Coming to later times, we have ample evidence, not only of the breed itself but of the esteem in which it was held, and the uses to which it was put. In the middle of the sixteenth century a writer describes it as “similar in shape to a greyhound, bigger than a mastiff, and tractable as a spaniel.” In 1562 the Irish chieftain, Shane O'Neill, forwarded a couple to Queen Elizabeth through the Earl of Leicester; a little later another couple were sent to the Secretary of State, Sir Charles Walsingham, “one black and one white." Coming to the seventeenth century, we find
that no less a personage than the Great Mogul desired Sir Thomas Roe, the British Ambassador, to obtain for him some Irish greyhounds. It is a far cry from Dublin to Delhi, and one wonders how that potentate came to hear of the breed. In Cromwell's days the Irish wolf - hound was legislated for, as the following edict by the Protector, dated “Kilkenny, April 27, 1652," proves: “Declaration against transporting wolfe dogges.—Forasmuch as we are credibly informed that wolves do much increase and destroy many cattle in several parts of this dominion, and that some of the enemy's party, who have laid down their arms and have liberty to go beyond the seas, and others do attempt to carry away several such great dogges as are commonly called wolfe dogges, whereby the breed of them, which are useful for destroying wolves, would, if not prevented, speedily suffer decay, these are therefore to prohibit all persons whatsoever from exporting any of the said dogges out of this dominion.”
Twenty years later Evelyn, in his Diary, mentions what he saw at an entertainment at a bear-garden, where, in a dog-fight, “the Irish wolf-hound was a tall greyhound, a stately creature indeed, and did beat a cruel mastiff. The bulldogs did exceedingly well, but the Irish wolf-dog exceeded.”
Cromwell's protection policy seems to have succeeded, for the last wolf was killed in Co. Kerry in the year 1710. But what was protection against the wolf was not protection for the dog, and thereafter, its occupation gone, the Irish wolf-hound sank rapidly into decadence. Nor is this to be wondered at, when we come to consider the enormous quantity of food these huge creatures eat, rendering them far too expensive to keep when they had ceased to be necessary Their history from 1710 to 1870 is all on the down grade,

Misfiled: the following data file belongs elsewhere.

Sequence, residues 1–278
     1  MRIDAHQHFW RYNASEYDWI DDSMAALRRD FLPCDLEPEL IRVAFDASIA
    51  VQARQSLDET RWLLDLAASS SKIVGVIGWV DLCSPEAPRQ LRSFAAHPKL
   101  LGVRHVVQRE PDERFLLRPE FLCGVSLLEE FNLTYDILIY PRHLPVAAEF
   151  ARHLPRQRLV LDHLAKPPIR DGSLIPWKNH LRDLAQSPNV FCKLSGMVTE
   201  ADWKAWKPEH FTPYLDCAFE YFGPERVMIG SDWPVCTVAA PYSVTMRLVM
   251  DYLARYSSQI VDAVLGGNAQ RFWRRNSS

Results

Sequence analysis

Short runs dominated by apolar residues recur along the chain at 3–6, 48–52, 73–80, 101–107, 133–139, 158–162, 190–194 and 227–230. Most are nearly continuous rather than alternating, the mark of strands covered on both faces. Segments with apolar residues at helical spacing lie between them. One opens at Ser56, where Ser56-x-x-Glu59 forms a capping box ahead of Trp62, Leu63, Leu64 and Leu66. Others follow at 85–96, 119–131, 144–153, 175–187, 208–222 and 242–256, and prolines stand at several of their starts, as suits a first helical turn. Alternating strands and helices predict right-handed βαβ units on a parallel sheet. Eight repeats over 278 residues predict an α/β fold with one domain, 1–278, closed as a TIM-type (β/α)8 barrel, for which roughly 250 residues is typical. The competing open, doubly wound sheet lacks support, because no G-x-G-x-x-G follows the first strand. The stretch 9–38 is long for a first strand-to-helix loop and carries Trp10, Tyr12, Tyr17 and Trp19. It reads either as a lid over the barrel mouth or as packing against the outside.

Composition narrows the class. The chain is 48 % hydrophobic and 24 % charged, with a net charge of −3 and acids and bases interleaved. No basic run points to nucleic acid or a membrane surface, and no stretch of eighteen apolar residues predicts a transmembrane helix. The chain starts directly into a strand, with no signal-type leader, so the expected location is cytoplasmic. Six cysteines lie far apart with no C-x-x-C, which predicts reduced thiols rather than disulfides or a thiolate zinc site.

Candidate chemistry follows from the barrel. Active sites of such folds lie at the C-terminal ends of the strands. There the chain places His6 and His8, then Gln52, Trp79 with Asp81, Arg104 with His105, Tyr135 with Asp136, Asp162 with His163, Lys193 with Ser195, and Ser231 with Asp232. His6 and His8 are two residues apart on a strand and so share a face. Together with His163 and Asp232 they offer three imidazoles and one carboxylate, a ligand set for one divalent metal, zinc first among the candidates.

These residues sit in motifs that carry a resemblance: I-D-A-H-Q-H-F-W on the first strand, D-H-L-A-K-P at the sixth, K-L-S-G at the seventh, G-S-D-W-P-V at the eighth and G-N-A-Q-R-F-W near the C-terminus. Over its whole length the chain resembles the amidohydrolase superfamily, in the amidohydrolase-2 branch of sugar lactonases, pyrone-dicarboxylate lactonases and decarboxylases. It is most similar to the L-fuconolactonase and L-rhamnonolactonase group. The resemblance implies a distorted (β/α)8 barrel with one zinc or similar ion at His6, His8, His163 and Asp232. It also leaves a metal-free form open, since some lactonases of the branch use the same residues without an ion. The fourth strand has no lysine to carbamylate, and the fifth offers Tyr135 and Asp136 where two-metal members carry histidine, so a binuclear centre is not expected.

until it verged almost into the mists of absolute extinction. By the end of the eighteenth century it had become “extremely rare," and certainly degenerated in size. Lord Altamont is reputed to have had eight Irish wolf-hounds in 1780, “ tall, noble dogs, the largest of whom measured 5 feet i inch from the nose to the end of the tail, which itself was 1 foot 5 inches
IRISH WOLF-HOUND (1803). After Reinagle. long. Its height from the top of the shoulder to the ground was 2 feet 41 inches.” The modern fancier would not look at such a specimen nowadays, when it is categorically recommended that anything below 31 inches at shoulder should be debarred from competition, and when 7 feet from nose to tip of tail is a measurement often exceeded. But it is specially noted of Lord Altamont's dogs that they had “de